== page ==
In a strong seller’s market, good agents will advise their clients to present their best offer if they are serious about owning a particular home.
Highest and best also indicates that the listing agent may be uncooperative. They may be unwilling to work with buyers’ agents to find solutions that are fair to both parties (buyers and sellers) because they know they have the upper hand in a seller’s market. And remember, the offer and acceptance is only the first round of negotiations in a real estate deal. Another round may be necessary after inspections to address any issues with the property. Agents need to be willing to work together throughout the transaction to ensure that both parties are getting a fair deal.
We should note that the term “highest and best” may actually be somewhat useful in those few areas of the country where real estate has gotten out of control (Silicon Valley or Manhattan, for example). In those extreme markets, prices may be on the rise faster than buyers can keep track of fair market values. So offers for the same property can vary widely between buyers offering rates in line with last month’s sales and buyers anticipating next month’s prices.
This is simply not the case in our Colorado Springs market. Offers the sellers receive will all be similar (it’s rare to see an extreme outlier). Additionally, we have enough new construction in the region so that buyers can choose to build if they become too frustrated with the resale Market. Commute times are not as severe in Colorado Springs as they are in other big cities.
The most important thing to remember in the highest and best scenario is you need to keep your emotions in check. Don’t get so attached to a property that you take the attitude that you must have it at any cost.
Base your offer and terms on numbers and conditions you are comfortable with. If you are working with a good agent, they will advise you of what the property is actually worth. It’s ok to stretch a little but don’t set yourself up for remorse and regret. Remember, markets rise and fall, you just might have to wait a little while to get what you want.
If you lose out on a property as the result of the highest and best war, don’t give up. Both you and your agent should keep an eye on this home to see if it closes or more likely comes back on the market. Back on the market might mean there was an inspection or financing issue with the house. The more likely scenario is that the winning bidder got cold feet and decided to back out. This creates a great opportunity for you the buyer, to swoop back in and put it under contract, maybe for better terms.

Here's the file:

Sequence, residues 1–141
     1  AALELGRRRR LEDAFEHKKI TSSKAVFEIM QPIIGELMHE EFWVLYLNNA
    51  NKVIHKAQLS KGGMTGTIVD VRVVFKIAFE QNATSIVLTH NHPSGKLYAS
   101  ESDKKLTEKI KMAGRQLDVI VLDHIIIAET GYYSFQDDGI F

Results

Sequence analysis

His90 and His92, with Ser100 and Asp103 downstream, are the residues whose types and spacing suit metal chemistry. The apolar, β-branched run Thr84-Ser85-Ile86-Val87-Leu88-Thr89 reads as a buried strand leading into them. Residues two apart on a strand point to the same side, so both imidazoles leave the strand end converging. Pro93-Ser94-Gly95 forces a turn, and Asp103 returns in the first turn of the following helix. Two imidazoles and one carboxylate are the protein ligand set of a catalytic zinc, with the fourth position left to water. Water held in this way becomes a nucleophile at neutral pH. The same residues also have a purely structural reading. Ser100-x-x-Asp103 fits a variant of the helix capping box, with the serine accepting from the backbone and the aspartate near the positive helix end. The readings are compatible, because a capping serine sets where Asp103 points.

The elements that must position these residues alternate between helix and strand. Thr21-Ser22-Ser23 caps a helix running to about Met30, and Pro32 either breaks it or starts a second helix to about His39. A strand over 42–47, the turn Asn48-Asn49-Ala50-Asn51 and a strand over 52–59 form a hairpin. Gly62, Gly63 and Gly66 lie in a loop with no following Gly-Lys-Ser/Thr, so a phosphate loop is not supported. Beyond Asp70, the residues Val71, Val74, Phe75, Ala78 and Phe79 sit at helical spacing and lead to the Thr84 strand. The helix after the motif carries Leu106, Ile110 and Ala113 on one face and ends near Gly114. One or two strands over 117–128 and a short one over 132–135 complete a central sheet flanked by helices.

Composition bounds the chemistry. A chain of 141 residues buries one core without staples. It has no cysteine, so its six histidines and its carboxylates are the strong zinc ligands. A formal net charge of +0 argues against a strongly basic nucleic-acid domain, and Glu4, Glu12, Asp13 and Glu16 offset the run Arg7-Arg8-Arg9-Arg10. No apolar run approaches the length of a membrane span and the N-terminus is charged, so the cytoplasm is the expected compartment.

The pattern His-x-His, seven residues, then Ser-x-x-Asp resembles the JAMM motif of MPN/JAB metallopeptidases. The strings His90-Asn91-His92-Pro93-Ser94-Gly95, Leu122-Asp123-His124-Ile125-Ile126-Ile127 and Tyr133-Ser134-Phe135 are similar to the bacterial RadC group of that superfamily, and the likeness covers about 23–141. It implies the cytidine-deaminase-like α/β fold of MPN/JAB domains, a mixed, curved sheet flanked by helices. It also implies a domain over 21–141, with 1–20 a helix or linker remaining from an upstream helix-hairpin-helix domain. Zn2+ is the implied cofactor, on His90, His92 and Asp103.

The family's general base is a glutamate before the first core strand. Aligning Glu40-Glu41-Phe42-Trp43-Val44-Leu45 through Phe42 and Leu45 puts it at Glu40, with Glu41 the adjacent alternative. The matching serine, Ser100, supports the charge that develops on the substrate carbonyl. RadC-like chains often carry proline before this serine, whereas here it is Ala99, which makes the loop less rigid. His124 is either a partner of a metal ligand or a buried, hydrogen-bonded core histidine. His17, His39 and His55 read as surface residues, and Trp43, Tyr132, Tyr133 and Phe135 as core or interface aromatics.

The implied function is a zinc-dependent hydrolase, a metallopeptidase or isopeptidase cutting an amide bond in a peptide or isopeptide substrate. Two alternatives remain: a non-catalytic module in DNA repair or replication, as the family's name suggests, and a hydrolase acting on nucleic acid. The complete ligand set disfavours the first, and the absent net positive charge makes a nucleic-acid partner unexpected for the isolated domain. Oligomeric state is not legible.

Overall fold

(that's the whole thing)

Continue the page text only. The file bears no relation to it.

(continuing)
Coming Soon signs are another tactic used by listing agents and sellers to create buzz around upcoming listings. This tactic requires the seller to authorize the listing agent to pre-market the home before actually listing it on the MLS.
Here is the stance taken in by our local Pikes Peak Association of REALTORS®. This comment speaks to just how controversial this practice is:
The RSC Board of Directors, with legal counsel, has concluded the following with respect to this practice:
- Per NAR, the PPMLS cannot make a rule concerning the posting of signs. Therefore, the PPMLS cannot prohibit a broker from posting an "Available Soon" sign.
- PPMLS Rules require that all Exclusive Right to Sell listings be submitted within 72 hours of seller signature.
- If RSC receives a written (or emailed) violation complaint that a property is listed, but is not in the PPMLS, then the RSC can request a copy of the listing agreement which would confirm whether or not there is an office exclusive. If RSC verifies that a listing is in force, and there is no “pink slip/office exclusive” then RSC will ensure that the listing is input into the PPMLS. (Note: currently there is no fine or sanction for not having put the listing in within the required 72 hours.)
- If the broker has an office exclusive agreement, then the listing is not required to be input into the PPMLS computer system (although a copy of the listing agreement is required to be filed with RSC).